These two top business schools will no longer provide BusinessWeek the opportunity to survey their graduating classes. Why? The deans basically say that rankings are crass and misleading.
The real story, however, is quite different.
Just think sour grapes.
It troubles Harvard that the school has never come first in BusinessWeek‘s ranking of the best business schools. Since 1988, when BW launched its MBA rankings, Harvard has always been an also-ran. There are important reasons for this: The school isn’t very good at service to its students. Never has been. Never will. Too much academic arrogance to even think it should treat students as discerning customers of an education. MBA recruiters, moreover, often view students from other schools more favorably because they demand less money and often work better with colleagues.
By convincing Wharton to join it in a boycott, Harvard is really trying to protect its own reputation and image. Wharton, which has often lost out to Northwestern as the No. 1 school, doesn’t like playing second fiddle, either.
The bottom line: Both schools are effectively silencing their students by preventing the media from gaining access to them through a survey instrument. Censorship isn’t new at Harvard. Just ask any of the recent editors of the Harbus, the MBA student newspaper. So what you’re seeing here is just another attempt to muzzle graduating MBAs who may have some negative things to say about their MBA experience.
The official line? Here’s what Wharton Dean Patrick Harker had to say about the decision:
The Wharton School, after very careful consideration, has decided that we will not be distributing our student or alumni e-mail lists for surveys from
commercial enterprises in the future, including the upcoming MBA BusinessWeek survey. The Board of Overseers endorsed this course of action at its recent meeting in San Francisco.
Harvard Business School will announce today that it has made the same decision.
Currently, there are many external surveys conducted by commercial publications that rank business schools — more than a dozen annually, in fact. This plethora of rankings, and the wide variety of results they produce, yields little useful data for the schools in shaping their strategic agenda. There is also a widely growing consensus, not only among business schools, but also among colleges and universities, that rankings can be misleading to consumers. Many in the academic community have questioned the methodologies employed in some rankings, as well as the fact that some publications change methodologies from year to year, leading to speculation that some rankings are driven more by editorial agendas than by objective data. We share these concerns, as do our Harvard Business School counterparts.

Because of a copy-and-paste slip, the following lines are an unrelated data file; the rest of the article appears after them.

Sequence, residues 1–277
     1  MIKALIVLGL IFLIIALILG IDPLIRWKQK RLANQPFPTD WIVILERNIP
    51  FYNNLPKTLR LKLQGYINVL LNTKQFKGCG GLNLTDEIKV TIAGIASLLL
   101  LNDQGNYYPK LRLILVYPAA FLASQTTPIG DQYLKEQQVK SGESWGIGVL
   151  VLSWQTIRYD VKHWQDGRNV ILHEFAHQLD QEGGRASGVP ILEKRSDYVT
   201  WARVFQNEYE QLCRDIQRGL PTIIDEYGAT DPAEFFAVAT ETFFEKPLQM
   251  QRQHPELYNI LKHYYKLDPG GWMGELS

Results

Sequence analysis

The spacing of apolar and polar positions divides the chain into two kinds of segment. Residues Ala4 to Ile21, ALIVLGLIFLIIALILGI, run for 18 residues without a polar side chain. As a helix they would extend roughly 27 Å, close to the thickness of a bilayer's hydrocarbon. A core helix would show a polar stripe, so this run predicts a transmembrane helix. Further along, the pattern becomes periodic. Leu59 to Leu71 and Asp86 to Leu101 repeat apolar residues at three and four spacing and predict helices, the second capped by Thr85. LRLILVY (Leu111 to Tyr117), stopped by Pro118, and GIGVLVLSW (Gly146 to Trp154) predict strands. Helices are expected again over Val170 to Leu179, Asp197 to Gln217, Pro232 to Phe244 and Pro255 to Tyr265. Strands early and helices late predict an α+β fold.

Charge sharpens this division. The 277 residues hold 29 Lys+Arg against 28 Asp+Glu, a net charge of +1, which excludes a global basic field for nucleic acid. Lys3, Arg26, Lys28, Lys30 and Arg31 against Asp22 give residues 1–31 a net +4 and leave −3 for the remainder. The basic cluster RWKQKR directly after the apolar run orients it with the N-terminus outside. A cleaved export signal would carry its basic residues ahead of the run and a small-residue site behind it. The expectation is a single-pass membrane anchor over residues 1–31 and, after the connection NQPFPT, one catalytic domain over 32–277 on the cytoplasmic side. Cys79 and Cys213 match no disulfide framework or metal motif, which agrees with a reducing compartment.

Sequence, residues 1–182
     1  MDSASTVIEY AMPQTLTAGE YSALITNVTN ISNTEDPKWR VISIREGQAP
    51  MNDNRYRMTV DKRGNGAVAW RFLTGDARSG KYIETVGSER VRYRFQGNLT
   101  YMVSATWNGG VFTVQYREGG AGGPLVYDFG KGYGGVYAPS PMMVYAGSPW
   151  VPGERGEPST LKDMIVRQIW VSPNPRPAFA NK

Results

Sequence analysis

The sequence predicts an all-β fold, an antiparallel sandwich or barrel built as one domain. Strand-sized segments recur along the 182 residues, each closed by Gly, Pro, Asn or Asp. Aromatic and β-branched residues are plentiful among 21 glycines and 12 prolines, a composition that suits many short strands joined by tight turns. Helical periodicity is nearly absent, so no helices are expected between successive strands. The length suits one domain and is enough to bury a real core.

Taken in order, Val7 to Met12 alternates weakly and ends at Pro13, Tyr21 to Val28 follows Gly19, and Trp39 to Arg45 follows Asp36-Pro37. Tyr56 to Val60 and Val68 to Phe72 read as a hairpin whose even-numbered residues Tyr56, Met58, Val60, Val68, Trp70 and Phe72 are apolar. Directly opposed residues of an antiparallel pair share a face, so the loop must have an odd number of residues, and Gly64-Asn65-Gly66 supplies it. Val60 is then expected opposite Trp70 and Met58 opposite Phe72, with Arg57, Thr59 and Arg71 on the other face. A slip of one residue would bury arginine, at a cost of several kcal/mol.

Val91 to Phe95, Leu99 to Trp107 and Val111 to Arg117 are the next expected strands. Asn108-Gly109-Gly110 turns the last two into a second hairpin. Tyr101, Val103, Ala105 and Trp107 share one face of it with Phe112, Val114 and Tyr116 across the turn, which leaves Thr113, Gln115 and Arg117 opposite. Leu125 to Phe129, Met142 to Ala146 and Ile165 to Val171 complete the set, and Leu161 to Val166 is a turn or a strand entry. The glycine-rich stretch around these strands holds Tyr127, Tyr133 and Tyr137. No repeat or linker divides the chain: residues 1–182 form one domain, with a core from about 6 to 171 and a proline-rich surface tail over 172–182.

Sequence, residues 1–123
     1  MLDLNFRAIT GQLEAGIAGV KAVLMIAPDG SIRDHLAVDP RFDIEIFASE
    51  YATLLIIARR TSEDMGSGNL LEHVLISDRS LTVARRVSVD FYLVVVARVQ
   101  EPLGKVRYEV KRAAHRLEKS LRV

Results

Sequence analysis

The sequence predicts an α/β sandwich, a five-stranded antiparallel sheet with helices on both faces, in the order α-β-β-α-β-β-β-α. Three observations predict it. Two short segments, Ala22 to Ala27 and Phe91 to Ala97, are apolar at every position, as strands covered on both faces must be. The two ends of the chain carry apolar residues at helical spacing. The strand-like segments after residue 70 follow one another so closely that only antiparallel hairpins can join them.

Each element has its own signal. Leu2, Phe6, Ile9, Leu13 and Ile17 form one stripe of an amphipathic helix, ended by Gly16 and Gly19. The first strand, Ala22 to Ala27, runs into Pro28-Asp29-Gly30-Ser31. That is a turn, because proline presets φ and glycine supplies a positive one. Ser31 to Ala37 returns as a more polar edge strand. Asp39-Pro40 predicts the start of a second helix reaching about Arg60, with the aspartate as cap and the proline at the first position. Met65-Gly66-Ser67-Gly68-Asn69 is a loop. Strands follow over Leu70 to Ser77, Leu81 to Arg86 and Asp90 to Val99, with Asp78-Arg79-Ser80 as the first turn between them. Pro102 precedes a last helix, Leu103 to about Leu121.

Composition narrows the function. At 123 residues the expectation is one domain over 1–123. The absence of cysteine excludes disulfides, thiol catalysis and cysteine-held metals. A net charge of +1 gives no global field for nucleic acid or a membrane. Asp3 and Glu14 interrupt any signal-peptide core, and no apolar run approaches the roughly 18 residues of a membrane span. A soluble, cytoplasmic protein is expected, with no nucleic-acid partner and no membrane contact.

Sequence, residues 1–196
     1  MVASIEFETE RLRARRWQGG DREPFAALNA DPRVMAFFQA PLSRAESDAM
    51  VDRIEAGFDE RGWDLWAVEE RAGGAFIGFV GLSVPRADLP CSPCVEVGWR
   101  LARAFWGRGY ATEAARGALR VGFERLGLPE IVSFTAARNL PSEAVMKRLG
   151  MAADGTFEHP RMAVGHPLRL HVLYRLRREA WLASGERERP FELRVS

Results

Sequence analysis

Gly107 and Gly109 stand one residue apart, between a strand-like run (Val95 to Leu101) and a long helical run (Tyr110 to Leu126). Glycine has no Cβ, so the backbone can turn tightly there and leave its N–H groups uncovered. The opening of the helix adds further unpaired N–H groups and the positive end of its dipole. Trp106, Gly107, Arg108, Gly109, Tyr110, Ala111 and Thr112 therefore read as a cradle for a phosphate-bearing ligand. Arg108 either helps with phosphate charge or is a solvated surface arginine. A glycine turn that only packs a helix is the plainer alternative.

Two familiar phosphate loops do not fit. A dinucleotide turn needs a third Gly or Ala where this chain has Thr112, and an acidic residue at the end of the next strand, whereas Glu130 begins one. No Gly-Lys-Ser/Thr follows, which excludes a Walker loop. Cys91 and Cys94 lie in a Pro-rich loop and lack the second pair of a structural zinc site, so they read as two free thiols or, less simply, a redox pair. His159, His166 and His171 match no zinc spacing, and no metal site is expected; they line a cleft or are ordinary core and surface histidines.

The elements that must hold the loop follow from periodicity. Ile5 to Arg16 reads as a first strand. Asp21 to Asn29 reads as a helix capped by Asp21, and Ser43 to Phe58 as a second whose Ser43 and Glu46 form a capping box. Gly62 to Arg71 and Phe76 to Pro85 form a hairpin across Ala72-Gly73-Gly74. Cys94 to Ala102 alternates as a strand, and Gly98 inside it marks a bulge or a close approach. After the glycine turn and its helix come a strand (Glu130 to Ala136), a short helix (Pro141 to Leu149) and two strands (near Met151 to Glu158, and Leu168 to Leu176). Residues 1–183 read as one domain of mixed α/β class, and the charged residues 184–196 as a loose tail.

With regard to collecting useful data to shape our strategic direction, we conduct annual stakeholder surveys of our students, and are about to launch a similar type of annual stakeholder survey of our alumni network of nearly 80,000 graduates. The multiple requests for survey data for outside rankings not only diminish the return rate of the surveys conducted by the publications, but also reduce the response rate on the more critical internal stakeholder surveys. It is critical that the return rates on our internal stakeholder surveys are high to reflect the broadest possible range of views from our students and graduates.
A final reason for not providing e-mail addresses for this purpose is our growing concern for the privacy of our alumni and students, and preventing the possible
misuse of our e-mail lists.
ALTERNATIVE SOURCES OF USEFUL DATA
We recognize that applicants need information from which to compare business schools so that they can make the best choice about which program is right for
them. Recruiters, as well, must have thorough information about each school’s programs to help determine whether students are the right fit for their companies. We believe the external rankings fall far short of supplying the type of objective comparative material from which prospective students or recruiters
can make the most informed choices.
Wharton, Harvard and many other business schools are actively working with the Graduate Management Admission Council (GMAC) to develop a service that
will provide objective, comparative and audited data to prospective students, recruiters and the media. The project’s primary goal is to enable individuals to
examine and analyze information of interest to them personally, from which they can draw their own conclusions.
In addition, there are many opportunities for students and alumni to share their experiences at their schools — and for potential applicants to ask questions of
specific interest. Discussion boards, such as our own student2student discussion board, are open and unfiltered. These resources are profoundly helpful in enabling applicants to make the right decision regarding where they would most like to study and which school will help them achieve their professional goals.
DEFINING OURSELVES AND OUR BRAND
In some ways, we, along with our peer institutions, have allowed rankings to define us, not only to the outside world, but to ourselves as well. It is time to measure our institution’s excellence, not from rankings, but by the achievements of every program and by the accomplishments of our students, faculty, staff and alumni.
It is our most fervent hope that we can move forward secure in the knowledge that we have reached an extraordinarily high level of excellence and will continue to lead business education in the years ahead. We will project this image into the world, defining our brand by the true quality of our community.
Patrick T. Harker
The Wharton School
The University of Pennsylvania